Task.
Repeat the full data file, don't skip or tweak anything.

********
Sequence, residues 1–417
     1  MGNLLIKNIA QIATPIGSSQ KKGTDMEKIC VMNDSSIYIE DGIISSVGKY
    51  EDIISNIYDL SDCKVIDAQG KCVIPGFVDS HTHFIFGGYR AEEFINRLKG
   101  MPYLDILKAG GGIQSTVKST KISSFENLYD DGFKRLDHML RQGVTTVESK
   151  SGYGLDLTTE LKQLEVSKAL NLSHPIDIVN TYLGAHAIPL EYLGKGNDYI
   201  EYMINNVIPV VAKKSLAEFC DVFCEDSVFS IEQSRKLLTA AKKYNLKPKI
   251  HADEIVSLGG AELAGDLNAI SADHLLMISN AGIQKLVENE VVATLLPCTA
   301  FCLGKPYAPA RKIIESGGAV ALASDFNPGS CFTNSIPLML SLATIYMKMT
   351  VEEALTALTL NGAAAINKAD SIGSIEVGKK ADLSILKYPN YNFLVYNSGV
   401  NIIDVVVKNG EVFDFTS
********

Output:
Sequence, residues 1–417
     1  MGNLLIKNIA QIATPIGSSQ KKGTDMEKIC VMNDSSIYIE DGIISSVGKY
    51  EDIISNIYDL SDCKVIDAQG KCVIPGFVDS HTHFIFGGYR AEEFINRLKG
   101  MPYLDILKAG GGIQSTVKST KISSFENLYD DGFKRLDHML RQGVTTVESK
   151  SGYGLDLTTE LKQLEVSKAL NLSHPIDIVN TYLGAHAIPL EYLGKGNDYI
   201  EYMINNVIPV VAKKSLAEFC DVFCEDSVFS IEQSRKLLTA AKKYNLKPKI
   251  HADEIVSLGG AELAGDLNAI SADHLLMISN AGIQKLVENE VVATLLPCTA
   301  FCLGKPYAPA RKIIESGGAV ALASDFNPGS CFTNSIPLML SLATIYMKMT
   351  VEEALTALTL NGAAAINKAD SIGSIEVGKK ADLSILKYPN YNFLVYNSGV
   401  NIIDVVVKNG EVFDFTS